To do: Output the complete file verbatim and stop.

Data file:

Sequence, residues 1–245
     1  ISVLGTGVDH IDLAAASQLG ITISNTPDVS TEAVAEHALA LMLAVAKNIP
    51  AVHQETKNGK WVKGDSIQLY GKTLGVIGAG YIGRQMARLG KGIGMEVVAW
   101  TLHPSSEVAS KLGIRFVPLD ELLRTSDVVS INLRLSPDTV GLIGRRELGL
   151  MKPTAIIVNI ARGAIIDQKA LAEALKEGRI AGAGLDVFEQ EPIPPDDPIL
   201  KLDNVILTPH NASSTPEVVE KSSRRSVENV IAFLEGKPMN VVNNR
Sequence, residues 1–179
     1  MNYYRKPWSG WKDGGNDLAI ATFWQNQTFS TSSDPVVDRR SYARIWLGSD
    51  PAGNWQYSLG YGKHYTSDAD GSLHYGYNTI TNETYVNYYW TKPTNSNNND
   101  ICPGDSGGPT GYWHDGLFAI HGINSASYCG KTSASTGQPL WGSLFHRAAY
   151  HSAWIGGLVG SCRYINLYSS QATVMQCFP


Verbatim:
Sequence, residues 1–245
     1  ISVLGTGVDH IDLAAASQLG ITISNTPDVS TEAVAEHALA LMLAVAKNIP
    51  AVHQETKNGK WVKGDSIQLY GKTLGVIGAG YIGRQMARLG KGIGMEVVAW
   101  TLHPSSEVAS KLGIRFVPLD ELLRTSDVVS INLRLSPDTV GLIGRRELGL
   151  MKPTAIIVNI ARGAIIDQKA LAEALKEGRI AGAGLDVFEQ EPIPPDDPIL
   201  KLDNVILTPH NASSTPEVVE KSSRRSVENV IAFLEGKPMN VVNNR
Sequence, residues 1–179
     1  MNYYRKPWSG WKDGGNDLAI ATFWQNQTFS TSSDPVVDRR SYARIWLGSD
    51  PAGNWQYSLG YGKHYTSDAD GSLHYGYNTI TNETYVNYYW TKPTNSNNND
   101  ICPGDSGGPT GYWHDGLFAI HGINSASYCG KTSASTGQPL WGSLFHRAAY
   151  HSAWIGGLVG SCRYINLYSS QATVMQCFP